Daniel Greenwood

The language of leaves

Posts tagged ‘Willow warbler’

Meadow buttercups

Meadow buttercup

Farthing Downs, London, June 2013

Stepping on to the Downs, a marked change has taken place in the two weeks since I’ve been here. The grass has lost its wintry edge and there grows a profusion of meadow buttercups. On the woody margins white butterflies steer themselves through the day, the slight of a cool breeze will no doubt register with them. A man is sitting on a bench taking pronounced drags from a spliff. I imagine ushering him to the gate as does someone wanting to be in a room alone. What is that link with landscape and human solitude.

A holly blue flutters about in a restless fashion, unwilling to perch, itself ushering me away, perhaps. I take the hint. The jackdaws are still here, so faithful to this place, much more so than me. This is why wildlife is so deserving of the land, perhaps more so than we. It doesn’t have a choice. Last time I watched them in a snowy sky but now they move through the ankle high wildflowers like shadows. They call out and burst free into the air when I enter into their field of vision.

Willow warbler crop 1

Willow warbler

I walk into the scrubby chunk of woodland that the path cuts through. I am struck by the change, the green, the lividness of the living. A woody, leafless hawthorn reminds me that both states remain all year round. Chiffchaffs are calling to each other up ahead, followed by the only slightly different voice of a willow warbler, a bird almost identical to the others. I sit in the shade on the edge of the path and listen. A willow warbler appears from the bush and lands on the branch of a young hazel tree. It has some insects in its bill and it whistles incessantly, huuu-eet. I take a picture and sit still. After a short wait a green woodpecker yaffles and the willow warbler dives into the long grass and bramble. Two weeks ago this bird did the same but without food in its bill. Now it’s feeding silent young down there in the thorns and tussocks. A couple pass me where I sit.

‘Are you looking for a lesser spotted whatever-it-is?’ the lady asks.

I explain the situation, pleased they don’t think I’m up to no good. Her partner turns to me: ‘I know you.’

‘And I know you.’

We remind ourselves of when and where from. We both agree things have improved since then. They leave happily, I get up and carry on through Farthing Downs.

Farthing Downs in June 1

Farthing Downs

The year’s first brood of small heath butterflies have hatched on the Downs. A pair rest on separate patches of bare soil created by livestock, conducting the heat of the sun. They live as adults for as little as seven days and I admire their freedom, their lolling and landing, they circle me, perhaps jittery when I move but not much bothered. They are orange smudges against the green downland. I sit with them. A soldier beetle clambers up a blade of grass and wrestles with its own weight, a clumsy, dim creature, it straddles the seed head, whirs its antennae and unleashes its wings from its black backpack, struggling into the air.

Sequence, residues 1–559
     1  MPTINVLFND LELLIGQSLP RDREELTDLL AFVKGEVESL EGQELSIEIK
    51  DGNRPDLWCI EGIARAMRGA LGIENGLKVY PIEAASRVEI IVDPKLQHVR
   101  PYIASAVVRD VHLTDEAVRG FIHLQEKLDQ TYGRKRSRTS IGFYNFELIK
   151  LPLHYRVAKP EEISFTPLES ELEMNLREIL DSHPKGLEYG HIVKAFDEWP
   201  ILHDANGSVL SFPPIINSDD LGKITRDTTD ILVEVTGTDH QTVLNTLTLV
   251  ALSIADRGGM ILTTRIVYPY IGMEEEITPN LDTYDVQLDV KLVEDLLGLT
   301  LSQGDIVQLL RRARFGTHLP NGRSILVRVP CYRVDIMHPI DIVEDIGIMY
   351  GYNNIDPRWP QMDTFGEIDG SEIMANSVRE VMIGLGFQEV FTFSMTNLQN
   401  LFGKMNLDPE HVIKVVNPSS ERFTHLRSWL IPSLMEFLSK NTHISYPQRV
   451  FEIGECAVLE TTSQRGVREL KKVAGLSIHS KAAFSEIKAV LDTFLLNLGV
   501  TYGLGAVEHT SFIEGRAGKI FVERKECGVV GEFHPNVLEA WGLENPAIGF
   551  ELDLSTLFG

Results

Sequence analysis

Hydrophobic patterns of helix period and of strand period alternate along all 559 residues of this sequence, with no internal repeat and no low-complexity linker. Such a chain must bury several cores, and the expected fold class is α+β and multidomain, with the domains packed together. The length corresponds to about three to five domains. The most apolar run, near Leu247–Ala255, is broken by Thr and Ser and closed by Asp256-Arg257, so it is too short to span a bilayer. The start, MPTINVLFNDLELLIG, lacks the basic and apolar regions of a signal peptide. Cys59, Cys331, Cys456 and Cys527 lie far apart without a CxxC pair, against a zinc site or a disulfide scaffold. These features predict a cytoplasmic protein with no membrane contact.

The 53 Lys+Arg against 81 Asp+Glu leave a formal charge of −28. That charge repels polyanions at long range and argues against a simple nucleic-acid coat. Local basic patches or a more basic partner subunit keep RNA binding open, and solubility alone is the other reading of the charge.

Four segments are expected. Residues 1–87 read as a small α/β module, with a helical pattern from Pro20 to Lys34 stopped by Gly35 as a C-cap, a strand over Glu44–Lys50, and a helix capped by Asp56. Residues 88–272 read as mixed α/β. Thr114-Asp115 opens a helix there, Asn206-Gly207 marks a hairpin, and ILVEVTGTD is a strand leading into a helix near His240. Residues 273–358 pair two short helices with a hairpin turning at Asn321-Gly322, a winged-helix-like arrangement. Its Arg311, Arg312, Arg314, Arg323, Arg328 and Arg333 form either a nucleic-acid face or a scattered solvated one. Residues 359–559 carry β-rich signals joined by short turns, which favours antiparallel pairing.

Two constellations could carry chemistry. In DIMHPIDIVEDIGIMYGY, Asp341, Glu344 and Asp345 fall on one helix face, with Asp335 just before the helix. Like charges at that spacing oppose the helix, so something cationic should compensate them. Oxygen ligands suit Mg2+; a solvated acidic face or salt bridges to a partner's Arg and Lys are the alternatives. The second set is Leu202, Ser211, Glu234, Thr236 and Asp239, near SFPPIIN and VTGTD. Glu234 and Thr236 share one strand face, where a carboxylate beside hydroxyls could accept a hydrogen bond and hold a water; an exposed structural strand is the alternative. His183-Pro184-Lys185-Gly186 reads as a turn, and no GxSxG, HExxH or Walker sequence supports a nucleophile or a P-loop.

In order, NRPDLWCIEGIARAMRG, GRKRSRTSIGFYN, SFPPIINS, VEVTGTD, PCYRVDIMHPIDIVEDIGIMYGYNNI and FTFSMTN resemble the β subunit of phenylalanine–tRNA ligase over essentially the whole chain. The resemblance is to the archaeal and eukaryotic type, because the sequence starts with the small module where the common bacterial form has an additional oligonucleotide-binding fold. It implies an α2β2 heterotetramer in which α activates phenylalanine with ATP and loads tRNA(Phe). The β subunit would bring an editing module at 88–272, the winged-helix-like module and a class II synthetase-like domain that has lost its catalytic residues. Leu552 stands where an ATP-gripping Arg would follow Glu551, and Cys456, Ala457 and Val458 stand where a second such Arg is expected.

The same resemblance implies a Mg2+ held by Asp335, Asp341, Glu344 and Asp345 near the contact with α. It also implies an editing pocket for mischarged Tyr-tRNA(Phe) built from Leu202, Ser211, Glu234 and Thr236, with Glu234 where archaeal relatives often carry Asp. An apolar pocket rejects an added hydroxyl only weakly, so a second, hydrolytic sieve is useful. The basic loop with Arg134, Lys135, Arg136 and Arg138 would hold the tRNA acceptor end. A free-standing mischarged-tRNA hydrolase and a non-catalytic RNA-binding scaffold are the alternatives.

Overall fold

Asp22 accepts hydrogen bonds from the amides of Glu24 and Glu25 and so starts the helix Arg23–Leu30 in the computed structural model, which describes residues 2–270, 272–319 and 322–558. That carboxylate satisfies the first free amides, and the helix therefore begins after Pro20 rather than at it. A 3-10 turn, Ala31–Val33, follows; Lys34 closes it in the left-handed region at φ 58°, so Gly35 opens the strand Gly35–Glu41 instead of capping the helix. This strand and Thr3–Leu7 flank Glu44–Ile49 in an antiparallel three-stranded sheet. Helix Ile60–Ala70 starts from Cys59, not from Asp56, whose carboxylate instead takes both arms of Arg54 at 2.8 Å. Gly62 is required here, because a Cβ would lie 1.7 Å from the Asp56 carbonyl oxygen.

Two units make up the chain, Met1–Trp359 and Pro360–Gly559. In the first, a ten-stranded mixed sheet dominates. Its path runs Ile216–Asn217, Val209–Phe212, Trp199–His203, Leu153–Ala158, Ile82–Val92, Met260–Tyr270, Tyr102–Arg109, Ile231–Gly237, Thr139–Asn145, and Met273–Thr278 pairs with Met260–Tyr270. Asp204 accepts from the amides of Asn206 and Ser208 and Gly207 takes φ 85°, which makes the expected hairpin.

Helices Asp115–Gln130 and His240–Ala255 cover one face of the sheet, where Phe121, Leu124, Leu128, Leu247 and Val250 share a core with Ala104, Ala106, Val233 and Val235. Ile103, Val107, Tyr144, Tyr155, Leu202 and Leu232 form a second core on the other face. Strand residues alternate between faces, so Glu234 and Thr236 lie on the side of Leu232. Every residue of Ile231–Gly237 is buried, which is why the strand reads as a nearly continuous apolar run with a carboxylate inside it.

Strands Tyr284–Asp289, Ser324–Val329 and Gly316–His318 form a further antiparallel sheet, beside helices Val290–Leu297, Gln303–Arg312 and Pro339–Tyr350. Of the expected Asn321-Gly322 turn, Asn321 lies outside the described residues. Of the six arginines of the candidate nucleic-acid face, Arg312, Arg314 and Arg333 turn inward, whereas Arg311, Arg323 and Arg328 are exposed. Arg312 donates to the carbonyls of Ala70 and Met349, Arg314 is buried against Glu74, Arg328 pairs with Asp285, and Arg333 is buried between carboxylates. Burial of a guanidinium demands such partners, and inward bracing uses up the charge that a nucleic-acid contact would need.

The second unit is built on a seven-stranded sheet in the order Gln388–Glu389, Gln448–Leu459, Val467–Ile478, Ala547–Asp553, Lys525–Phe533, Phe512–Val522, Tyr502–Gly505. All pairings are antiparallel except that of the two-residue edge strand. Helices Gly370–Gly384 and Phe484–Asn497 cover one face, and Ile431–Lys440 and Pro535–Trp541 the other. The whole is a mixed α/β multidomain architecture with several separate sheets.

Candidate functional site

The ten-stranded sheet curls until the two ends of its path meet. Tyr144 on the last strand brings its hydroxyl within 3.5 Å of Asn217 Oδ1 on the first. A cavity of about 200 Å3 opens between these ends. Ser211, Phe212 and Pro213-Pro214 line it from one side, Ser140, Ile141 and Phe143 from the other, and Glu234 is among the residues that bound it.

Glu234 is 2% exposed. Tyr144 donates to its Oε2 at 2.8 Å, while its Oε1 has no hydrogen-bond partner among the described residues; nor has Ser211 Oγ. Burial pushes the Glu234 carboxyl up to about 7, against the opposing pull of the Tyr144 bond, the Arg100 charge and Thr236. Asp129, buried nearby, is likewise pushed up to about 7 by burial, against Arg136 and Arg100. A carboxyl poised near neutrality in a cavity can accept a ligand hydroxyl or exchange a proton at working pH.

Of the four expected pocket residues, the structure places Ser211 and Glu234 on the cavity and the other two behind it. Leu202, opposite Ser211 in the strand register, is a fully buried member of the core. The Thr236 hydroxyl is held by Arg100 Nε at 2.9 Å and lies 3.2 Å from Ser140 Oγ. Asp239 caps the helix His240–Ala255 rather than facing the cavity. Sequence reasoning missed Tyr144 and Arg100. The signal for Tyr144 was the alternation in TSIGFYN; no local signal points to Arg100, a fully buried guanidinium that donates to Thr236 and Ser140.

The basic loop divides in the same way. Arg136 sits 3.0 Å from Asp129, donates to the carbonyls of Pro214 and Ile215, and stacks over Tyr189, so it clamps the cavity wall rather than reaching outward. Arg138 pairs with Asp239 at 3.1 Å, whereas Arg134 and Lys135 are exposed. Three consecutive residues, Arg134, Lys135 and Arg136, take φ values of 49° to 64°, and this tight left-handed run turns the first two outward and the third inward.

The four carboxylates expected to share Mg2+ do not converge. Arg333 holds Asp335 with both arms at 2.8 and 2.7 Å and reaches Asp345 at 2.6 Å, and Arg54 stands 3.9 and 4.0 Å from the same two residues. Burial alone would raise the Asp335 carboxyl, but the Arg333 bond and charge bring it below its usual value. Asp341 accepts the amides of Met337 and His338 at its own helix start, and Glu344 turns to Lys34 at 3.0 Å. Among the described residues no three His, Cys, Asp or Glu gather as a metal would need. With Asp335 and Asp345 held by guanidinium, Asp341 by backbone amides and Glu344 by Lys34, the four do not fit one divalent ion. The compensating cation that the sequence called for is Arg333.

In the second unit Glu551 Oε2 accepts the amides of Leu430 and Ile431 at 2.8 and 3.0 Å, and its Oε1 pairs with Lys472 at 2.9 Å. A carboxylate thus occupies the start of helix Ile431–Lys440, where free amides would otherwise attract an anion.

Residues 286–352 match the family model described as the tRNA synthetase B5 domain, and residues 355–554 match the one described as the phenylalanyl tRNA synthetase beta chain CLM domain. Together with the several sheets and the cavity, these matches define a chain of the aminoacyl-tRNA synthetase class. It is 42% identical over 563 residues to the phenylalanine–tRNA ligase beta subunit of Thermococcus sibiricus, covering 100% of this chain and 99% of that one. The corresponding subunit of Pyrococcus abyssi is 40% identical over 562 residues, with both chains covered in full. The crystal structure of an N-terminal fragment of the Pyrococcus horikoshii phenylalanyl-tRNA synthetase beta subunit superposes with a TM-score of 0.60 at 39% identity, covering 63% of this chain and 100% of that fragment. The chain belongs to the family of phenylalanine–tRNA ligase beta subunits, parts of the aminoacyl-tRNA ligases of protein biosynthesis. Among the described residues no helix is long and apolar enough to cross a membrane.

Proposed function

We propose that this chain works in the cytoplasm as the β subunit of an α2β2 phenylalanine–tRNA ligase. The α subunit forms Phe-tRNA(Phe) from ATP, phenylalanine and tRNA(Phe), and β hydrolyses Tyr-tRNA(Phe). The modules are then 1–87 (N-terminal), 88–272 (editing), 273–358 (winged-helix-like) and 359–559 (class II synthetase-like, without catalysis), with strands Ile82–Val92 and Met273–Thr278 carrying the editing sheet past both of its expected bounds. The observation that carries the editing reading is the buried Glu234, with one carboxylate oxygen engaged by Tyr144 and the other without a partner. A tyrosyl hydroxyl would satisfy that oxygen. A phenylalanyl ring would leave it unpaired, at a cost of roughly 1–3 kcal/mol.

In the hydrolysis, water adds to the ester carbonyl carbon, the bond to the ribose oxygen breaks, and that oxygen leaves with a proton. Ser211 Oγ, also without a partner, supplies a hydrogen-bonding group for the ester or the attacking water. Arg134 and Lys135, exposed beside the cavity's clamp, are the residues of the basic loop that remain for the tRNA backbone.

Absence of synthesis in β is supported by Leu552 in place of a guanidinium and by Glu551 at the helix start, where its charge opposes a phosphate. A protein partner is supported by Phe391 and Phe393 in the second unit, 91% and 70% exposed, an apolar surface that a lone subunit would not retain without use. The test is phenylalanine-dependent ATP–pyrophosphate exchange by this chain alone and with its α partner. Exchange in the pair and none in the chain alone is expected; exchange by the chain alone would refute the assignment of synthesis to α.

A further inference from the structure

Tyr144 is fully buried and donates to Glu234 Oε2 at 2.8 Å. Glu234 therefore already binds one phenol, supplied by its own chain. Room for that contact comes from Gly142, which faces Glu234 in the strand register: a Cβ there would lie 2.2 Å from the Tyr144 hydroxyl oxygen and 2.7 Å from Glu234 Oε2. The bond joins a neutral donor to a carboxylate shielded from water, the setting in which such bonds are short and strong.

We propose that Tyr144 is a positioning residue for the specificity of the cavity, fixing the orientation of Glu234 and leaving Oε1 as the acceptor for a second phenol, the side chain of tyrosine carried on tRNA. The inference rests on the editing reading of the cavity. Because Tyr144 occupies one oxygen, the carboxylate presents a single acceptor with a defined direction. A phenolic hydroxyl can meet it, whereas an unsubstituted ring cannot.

Soldier beetle

Soldier beetle

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by Martin Damien

Photograph by Martin Brewer

— Nunhead Cemetery, London, April 2012

In the cemetery won by sycamore and rendered woodland, two male song thrush are duelling with one another, throwing out tunes, rewriting and rollicking the black cloud with their language.  This mysterious, handsome thrush is to me like a singing pudding endowed with flight. I leave them to it. My ears are working overtime, the scene dripping, the algae glows on the trunks of dark trees, the moss is vibrant on the gravestones appearing as shipwrecks at the bottom of an ocean. The denseness of the trees squeezes the sound: blue tit trill, the calling great tit and guttural canon of the crow marking the enclosure of forthcoming leaves and canopy. A family, their dog muddied, happy, intoxicated by the aroma of wet woodland, people relaxed, even pleased – woodland puts us back into our bodies. The sun inches out and makes crystals from the droplets of fallen rain, there is the feeling that the soil is sighing from the torrents. Deep refreshment has touched the natural world. My waterproof holds drops of water that leave strange dents in the material, my jeans are darker now. Wait – a song ending, a sweet, fluty refrain. Silence. Woodland dripping, I retrace my steps back down the path. The song comes from a leafless ash canopy – descending, descending, falling apart. Willow warbler. I see it, its long tail and constant hopping between branches. How far has it come? It sings again and moves on. The matt black storm clouds progress, the inkling of lightning, the thunderous thump.

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